Philadelphia's circus legacy stretches back to the 1790s, when a talented British performer named John Bill Ricketts founded the United States' first-ever modern circus.

The world's first circus originated in Britain, shortly before Ricketts began his own career as an entertainer. The various acts associated with modern-day circuses — from jugglers to clowns, acrobats to animal handlers — had long been familiar to populations across Europe, who would occasionally chance upon such performers roaming between towns and villages to showcase their crafts.

The idea of assembling an array of performers into a single variety show, however, did not emerge until 1770. Philip Astley — a former British military officer — brought together acrobats and tightrope walkers to fill in the time blocks between his demonstrations as a horse showman. Instead of performing in a field and riding in straight lines (as many other equestrian entertainers did at the time), Astley and his performers presented their routines within a ring, thus introducing a familiar element of the circus that audiences recognize today: a central performance space circumscribed by the audience.

When he began performing, at the age of 17, Ricketts was capable of riding two horses at the same time, juggling while standing atop a horse backward, and mounting and dismounting steeds running at full speed. Cutting his teeth at Jones' Equestrian Amphitheater — one of Astley's biggest rivals — Ricketts cultivated an entrepreneurial spirit of his own. Sensing untapped potential, he set sail for the recently formed United States in 1792, ultimately settling in Philadelphia.

First, Ricketts established an equestrian school in his adopted city. By 1793, he had built an amphitheater that fit 800 audience members at Market and 12th Streets. Ricketts' Circus officially launched on April 3, 1793, featuring its eponymous leader as the main attraction. Philadelphians were enthralled. President George Washington, who attended a show during the circus' first month of operations, spoke highly of Ricketts' skill, calling him "perhaps the most graceful, neat, and expert performer on horse back, that ever appeared in any part of the world." The success of Ricketts' Circus led the company to other U.S. cities throughout the 1790s, including New York City, Albany, and Baltimore.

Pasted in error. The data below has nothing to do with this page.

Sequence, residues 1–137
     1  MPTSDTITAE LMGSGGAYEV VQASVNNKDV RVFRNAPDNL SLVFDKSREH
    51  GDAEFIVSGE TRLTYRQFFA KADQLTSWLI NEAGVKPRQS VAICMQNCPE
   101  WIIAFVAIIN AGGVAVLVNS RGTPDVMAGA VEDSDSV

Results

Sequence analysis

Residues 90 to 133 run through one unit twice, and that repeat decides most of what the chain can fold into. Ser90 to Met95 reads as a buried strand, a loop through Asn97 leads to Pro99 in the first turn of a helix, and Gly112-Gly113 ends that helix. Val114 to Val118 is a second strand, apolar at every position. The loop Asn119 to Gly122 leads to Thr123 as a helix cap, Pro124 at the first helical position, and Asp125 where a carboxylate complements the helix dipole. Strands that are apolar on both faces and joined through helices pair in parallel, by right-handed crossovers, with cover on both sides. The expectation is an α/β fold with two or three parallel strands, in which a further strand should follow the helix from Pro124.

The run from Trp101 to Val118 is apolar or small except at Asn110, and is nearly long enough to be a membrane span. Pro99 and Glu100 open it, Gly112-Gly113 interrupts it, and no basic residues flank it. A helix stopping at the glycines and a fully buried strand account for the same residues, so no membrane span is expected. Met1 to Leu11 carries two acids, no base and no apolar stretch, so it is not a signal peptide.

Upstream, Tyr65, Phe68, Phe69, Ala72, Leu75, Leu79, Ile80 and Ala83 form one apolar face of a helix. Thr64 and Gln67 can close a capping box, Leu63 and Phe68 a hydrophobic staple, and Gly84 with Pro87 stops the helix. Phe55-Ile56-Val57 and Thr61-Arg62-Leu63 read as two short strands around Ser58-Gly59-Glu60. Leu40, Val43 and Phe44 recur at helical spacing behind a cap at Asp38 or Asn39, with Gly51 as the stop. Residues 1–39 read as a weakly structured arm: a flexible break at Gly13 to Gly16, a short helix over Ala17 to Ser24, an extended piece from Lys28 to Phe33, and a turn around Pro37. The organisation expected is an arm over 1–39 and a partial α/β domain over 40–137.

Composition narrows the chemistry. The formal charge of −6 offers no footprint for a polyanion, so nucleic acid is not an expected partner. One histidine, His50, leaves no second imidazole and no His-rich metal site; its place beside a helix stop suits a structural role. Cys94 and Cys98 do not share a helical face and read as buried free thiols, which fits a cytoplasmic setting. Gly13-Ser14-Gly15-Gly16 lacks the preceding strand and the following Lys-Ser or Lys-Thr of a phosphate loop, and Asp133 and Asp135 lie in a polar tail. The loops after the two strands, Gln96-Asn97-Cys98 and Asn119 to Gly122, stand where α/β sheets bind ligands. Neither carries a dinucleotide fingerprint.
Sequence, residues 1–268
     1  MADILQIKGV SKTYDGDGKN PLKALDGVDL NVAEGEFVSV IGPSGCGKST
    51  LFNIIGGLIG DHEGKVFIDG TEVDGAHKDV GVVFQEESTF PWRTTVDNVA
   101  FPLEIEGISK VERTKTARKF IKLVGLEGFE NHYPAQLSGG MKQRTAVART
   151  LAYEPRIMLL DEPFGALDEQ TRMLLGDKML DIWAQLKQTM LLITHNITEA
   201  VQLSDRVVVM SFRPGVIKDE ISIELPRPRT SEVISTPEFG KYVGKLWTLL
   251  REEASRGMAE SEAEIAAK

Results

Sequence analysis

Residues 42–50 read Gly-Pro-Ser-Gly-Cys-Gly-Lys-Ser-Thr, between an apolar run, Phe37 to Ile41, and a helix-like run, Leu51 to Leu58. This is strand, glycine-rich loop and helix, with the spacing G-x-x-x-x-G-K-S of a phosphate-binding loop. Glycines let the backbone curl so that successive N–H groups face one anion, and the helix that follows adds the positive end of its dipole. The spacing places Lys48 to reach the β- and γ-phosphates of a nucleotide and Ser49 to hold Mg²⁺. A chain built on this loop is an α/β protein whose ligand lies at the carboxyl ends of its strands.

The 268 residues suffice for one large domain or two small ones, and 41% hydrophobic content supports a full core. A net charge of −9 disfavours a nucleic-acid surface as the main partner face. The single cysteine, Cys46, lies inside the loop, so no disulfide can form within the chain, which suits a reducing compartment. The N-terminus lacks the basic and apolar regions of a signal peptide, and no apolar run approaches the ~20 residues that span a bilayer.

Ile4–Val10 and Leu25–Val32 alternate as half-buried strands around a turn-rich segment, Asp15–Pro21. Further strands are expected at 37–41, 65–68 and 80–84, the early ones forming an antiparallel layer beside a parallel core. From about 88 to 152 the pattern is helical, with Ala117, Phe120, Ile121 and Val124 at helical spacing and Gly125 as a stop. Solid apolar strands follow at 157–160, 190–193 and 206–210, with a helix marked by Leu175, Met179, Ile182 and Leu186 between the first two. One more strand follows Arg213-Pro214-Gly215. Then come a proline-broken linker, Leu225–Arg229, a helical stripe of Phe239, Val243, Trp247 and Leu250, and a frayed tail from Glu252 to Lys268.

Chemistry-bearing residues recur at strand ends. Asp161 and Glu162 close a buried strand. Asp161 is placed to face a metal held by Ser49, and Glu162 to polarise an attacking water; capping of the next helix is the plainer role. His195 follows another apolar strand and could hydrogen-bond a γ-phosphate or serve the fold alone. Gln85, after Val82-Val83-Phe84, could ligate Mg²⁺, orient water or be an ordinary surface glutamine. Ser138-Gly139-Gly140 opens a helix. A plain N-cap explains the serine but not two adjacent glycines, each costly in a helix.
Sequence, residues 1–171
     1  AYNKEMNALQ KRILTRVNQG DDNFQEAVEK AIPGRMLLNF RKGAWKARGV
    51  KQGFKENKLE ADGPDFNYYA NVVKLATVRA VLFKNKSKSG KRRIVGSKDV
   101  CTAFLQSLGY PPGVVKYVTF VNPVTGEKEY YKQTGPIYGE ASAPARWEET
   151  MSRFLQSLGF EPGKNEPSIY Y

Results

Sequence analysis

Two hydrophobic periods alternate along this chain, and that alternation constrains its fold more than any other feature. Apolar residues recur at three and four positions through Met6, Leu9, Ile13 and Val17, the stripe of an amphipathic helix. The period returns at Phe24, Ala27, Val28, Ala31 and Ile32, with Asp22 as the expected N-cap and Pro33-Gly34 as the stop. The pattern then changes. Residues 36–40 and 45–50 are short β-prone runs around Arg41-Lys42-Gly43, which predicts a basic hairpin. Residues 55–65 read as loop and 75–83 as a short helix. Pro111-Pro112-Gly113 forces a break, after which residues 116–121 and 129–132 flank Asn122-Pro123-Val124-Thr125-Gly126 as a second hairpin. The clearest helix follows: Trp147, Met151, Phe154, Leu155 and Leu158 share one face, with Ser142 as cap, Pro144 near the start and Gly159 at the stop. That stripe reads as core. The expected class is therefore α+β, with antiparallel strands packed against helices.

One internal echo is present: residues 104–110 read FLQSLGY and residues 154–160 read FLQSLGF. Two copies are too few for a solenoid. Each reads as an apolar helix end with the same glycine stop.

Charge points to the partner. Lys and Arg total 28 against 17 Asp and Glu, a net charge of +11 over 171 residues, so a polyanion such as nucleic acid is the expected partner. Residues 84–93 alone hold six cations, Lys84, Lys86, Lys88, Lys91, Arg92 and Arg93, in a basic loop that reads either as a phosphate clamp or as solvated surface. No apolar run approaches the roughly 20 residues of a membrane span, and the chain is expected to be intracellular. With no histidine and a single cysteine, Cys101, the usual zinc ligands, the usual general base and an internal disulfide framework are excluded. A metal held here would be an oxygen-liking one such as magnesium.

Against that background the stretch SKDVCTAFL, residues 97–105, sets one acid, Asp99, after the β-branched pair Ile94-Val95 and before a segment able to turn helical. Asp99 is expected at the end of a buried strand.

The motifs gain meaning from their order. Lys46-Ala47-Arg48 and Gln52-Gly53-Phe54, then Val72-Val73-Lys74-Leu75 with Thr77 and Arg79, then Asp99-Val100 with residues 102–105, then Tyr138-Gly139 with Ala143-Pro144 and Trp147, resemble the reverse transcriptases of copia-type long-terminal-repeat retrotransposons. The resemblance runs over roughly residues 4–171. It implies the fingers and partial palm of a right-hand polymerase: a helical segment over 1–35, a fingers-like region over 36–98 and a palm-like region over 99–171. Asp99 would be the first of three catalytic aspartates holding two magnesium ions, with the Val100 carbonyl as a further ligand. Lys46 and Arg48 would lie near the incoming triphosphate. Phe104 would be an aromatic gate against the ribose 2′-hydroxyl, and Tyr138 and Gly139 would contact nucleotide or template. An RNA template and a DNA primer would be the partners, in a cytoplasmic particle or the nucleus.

Though the company's productions attracted many fans, U.S. society was still suspicious of itinerant performers, who were widely considered to be mischievous. The ban on traveling entertainers had only been lifted in 1780, and — as trailblazers of a new mode of entertainment—Ricketts' network of riders, acrobats, clowns, and jugglers represented an unfamiliar demographic to the public.

Defying this negative perception, Ricketts ran his circus with a social conscience, contributing to programs that helped poor residents heat their houses in the winter and opening up his circus grounds to Philadelphians suffering from yellow fever during an outbreak in 1793.

Ricketts' good fortune enabled him to build the Ricketts' Art Pantheon and Amphitheater on the corner of Sixth and Chestnut Streets in 1794. The new facilities featured seating for 1,300 audience members as well as a roof that allowed the company to perform in inclement weather. The circus' renown grew throughout the last decade of the 18th century, as did the support it received from its most famous fan: President Washington. The circus hosted two parties in honor of Washington, including one for his retirement.
The circus burned down in a fire Dec. 17, 1799. The following year, after leaving the United States along with some of his most trusted performers, Ricketts disappeared. Historians believe a ship carrying his crew from the West Indies to Britain sank.

Patrick Glennon is a communications officer at the Historical Society of Pennsylvania.